Fort Sam Houston National Cemetery (Part 2): And the Prisoners Of War Who Never Went Home


Fort Sam Houston National Cemetery, San Antonio, Texas. WWII Prisoner of War burials Section ZA.  Photograph S.R. O’Konski Collection.


They may be far from their homeland but have not been forgotten.


After WWII when Prisoner of War (POW) camps closed in Texas, Arkansas, Louisiana, and Oklahoma, the POWs who died in captivity were reinterred at Fort Sam Houston National Cemetery in San Antonio, Texas. One hundred thirty-two Germans, five Italians, three Japanese, and one Austrian are buried there. If the families of the deceased POWs survived the war and could be located, they would have been given the opportunity to repatriate the remains back to their home country.

Story One. Johnny Barrientez, Lead Cemetery Representative at the Fort Sam Houston National Cemetery, has worked there for 38 years. About 25 years ago (early 1990s) he noticed a gentleman in the POW section and walked over to see if he could be of assistance. The gentleman, a German, had travelled from Germany to Texas to visit his brother’s grave. He knew his brother had been a POW and buried in the United States (US), but it had taken him some time to locate his resting place. The German talked about his brother and showed Johnny pictures of himself and his brother in their German uniforms. Another cemetery employee, an American WWII veteran, also walked over, and the two men exchanged thoughts about the war and fighting for their countries. In the end, after seeing the cemetery and the care given to all the graves there, the German man decided he would leave his brother buried in the US.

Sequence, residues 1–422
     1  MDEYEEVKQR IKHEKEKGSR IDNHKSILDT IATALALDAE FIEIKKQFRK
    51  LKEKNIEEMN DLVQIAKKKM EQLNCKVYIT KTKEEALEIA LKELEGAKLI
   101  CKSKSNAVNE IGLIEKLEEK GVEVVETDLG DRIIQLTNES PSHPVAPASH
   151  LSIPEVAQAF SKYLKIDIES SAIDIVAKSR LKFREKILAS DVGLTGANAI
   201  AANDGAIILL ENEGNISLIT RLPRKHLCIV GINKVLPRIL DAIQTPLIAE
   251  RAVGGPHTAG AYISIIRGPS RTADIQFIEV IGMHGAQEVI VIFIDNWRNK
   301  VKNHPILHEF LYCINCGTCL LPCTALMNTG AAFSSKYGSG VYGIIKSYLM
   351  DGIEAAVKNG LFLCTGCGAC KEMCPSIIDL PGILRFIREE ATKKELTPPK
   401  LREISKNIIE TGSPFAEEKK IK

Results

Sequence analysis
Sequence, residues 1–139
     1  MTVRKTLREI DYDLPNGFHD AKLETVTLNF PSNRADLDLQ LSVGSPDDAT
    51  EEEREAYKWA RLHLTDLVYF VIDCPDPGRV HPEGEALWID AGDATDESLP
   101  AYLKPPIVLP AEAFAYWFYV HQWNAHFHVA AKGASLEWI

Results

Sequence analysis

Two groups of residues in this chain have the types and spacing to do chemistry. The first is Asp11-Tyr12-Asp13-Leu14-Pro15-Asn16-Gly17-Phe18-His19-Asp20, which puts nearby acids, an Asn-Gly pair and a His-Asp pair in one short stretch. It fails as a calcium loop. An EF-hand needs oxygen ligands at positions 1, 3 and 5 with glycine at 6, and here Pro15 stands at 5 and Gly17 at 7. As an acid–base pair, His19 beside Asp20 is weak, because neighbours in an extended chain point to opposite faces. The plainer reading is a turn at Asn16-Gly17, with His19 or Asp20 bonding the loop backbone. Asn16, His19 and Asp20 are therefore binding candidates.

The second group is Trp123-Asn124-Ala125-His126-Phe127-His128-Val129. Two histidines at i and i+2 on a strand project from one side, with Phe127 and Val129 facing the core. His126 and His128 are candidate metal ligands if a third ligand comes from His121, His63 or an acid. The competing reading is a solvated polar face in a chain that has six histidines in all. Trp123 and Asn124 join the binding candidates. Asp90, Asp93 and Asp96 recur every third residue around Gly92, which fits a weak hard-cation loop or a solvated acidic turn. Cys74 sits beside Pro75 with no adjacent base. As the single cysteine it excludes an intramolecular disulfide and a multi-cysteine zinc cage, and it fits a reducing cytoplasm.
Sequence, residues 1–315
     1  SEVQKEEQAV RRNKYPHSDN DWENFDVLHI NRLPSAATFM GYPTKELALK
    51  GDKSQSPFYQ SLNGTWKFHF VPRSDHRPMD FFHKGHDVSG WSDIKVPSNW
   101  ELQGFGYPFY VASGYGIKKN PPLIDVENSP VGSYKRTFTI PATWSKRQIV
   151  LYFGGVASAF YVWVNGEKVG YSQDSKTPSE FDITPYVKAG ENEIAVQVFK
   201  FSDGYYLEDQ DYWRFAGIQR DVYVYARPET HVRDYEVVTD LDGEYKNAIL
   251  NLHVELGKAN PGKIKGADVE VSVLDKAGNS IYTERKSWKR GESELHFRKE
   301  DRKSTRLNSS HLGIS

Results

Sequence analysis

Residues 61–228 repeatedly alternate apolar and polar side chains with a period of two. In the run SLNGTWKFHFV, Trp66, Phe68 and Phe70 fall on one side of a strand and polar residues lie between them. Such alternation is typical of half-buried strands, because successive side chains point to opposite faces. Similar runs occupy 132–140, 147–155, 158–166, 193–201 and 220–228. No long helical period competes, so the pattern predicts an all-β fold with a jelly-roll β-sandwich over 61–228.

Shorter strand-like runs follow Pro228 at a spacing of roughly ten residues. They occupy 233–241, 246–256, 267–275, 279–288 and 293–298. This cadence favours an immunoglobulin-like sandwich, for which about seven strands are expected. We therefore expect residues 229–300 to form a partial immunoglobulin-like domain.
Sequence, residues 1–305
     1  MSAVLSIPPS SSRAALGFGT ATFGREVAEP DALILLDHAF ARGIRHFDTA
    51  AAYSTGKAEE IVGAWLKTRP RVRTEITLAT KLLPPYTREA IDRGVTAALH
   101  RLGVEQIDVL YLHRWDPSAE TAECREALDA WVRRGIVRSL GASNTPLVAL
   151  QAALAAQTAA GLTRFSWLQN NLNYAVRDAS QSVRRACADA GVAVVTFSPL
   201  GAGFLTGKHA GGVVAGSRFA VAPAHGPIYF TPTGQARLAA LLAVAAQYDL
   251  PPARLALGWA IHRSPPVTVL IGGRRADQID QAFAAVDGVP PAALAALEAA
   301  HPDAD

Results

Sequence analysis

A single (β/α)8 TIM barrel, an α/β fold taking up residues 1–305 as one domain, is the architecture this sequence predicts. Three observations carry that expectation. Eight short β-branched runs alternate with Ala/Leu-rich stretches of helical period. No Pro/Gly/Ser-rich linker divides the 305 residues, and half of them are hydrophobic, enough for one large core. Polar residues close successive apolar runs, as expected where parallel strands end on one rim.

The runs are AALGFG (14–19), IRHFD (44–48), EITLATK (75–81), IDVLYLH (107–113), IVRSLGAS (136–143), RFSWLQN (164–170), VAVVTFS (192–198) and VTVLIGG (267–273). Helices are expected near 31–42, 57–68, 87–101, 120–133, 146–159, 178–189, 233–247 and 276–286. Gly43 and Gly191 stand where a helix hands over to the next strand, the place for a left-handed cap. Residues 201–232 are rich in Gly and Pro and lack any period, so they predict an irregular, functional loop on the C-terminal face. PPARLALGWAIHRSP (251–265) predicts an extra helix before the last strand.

Story Two. Corporal Hugo Krauss was born in Germany in 1920. Hugo, his mother, and sister joined his father, Heinrich, in New York City, New York, in 1929. Heinrich had immigrated to the US in 1928. In 1939 Hugo travelled back to Germany to visit relatives and was there when Germany invaded Poland on September 1, 1939. Trapped in Germany, at some point Hugo became a member of the German Army (Wehrmacht). He was captured during the North African Campaign and was sent to a POW camp (Camp Hearne) in Texas. With his fluency in English and German he became an interpreter. As the story is told, some of his fellow German prisoners thought he had become too friendly with the Americans. On the evening of December 17, 1943, he was severely beaten by Nazi POWs and died on December 23, 1943.


While visiting Fort Sam Houston National Cemetery I found three pennies and a dime on the tombstone of Hugo Krauss. According to some military traditions leaving coins can be a symbol of remembrance of the person. A penny signifies that a grave had been visited. A dime signifies that the visitor had served with the deceased in some capacity.  Photograph S.R. O’Konski Collection.


An Italian grave.  Photograph S.R. O’Konski Collection.


A Japanese grave.  Photograph S.R. O’Konski Collection.


Two of the German tombstones depict the person had been awarded the Iron Cross. The legend at the bottom of the tombstone translates to: “He died far (from) Home for Leader, People, and Fatherland.” Photograph S.R. O’Konski Collection.




Story One as told to me by Johnny Barrientez.  I want to thank him for his help in the research for this story.

Thank you to G. L. Lamborn for assistance in the German translation on the tombstone.


Fort Sam Houston National Cemetery (Part 1): And A U.S. Marine’s Long Journey Home